Lastly, the EPA's list of Minimum Risk (or 25b) compounds that are considered exempt from standard label requirements bears mention. This list contains ingredients that are "generally regarded as safe" by the EPA. Unfortunately, being safe doesn't always make for an effective pesticide; but manufacturers continue to roll out new products with these ingredients because of the economic advantages of not having to register with the EPA.
None of these lists are perfect and all are highly arbitrary in some respects. They all have their uses and limitations. All of them leave out some very useful pesticides that can solve otherwise intractable pest problems at reasonable risk to the environment. Some "green pesticides" may be very green, but not make very good pesticides--a common problem. For these reasons, my advice would be to not commit oneself to a course of saying that "only these (select, green, organic, etc.) pesticides will be used" in our city, or our school, or our place of business.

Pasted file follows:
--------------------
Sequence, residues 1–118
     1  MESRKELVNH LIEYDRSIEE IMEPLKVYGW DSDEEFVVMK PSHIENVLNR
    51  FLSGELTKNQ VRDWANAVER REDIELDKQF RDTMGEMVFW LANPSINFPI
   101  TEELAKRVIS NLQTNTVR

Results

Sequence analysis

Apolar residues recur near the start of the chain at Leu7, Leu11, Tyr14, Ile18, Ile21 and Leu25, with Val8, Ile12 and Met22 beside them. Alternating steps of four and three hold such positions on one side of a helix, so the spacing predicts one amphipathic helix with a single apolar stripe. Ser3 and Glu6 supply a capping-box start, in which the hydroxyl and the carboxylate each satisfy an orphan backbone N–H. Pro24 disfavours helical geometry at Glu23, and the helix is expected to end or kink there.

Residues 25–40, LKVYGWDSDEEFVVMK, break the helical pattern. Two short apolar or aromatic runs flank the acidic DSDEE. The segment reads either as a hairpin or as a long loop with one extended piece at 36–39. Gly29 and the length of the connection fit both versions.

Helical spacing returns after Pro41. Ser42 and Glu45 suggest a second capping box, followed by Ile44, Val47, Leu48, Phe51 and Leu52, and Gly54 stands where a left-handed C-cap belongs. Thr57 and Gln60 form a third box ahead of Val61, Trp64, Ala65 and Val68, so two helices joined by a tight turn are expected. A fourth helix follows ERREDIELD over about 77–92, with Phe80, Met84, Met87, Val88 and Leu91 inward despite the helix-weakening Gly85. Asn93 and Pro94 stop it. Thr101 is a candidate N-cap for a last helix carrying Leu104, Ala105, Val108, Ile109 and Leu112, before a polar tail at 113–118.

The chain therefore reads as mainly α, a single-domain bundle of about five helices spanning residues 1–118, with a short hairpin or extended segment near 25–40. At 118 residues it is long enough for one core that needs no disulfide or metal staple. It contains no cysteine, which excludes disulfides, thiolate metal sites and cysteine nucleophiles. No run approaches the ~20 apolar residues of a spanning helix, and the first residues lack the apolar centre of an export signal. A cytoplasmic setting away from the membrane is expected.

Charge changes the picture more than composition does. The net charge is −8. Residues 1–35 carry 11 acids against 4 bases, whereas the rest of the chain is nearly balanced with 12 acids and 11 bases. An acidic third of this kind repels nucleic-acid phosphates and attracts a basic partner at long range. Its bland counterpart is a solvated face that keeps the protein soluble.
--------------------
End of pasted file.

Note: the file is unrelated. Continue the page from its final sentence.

Pesticides are power tools. Like any power tool, along with their advantages, they have potential hazards. That doesn't mean we shouldn't use them, but that we should choose them and use them with caution. If you're committed to using pesticides from a green list for your school, city or business, give yourself options. The Texas school regulations and the San Francisco program have both been relatively successful. But they both allow for exemptions or exceptions for using pesticides not on the preferred lists. The worst mistake any green pest control program can make is to limit itself so that it cannot effectively or economically respond to all pest problems. That's the quickest way to discredit any green program as impractical.
As Kermit the Frog would tell you, "it's hard to be green". It's also hard to find the perfect green list of pesticides that will cover all pest problems. Keep this in mind, and these lists might actually help you.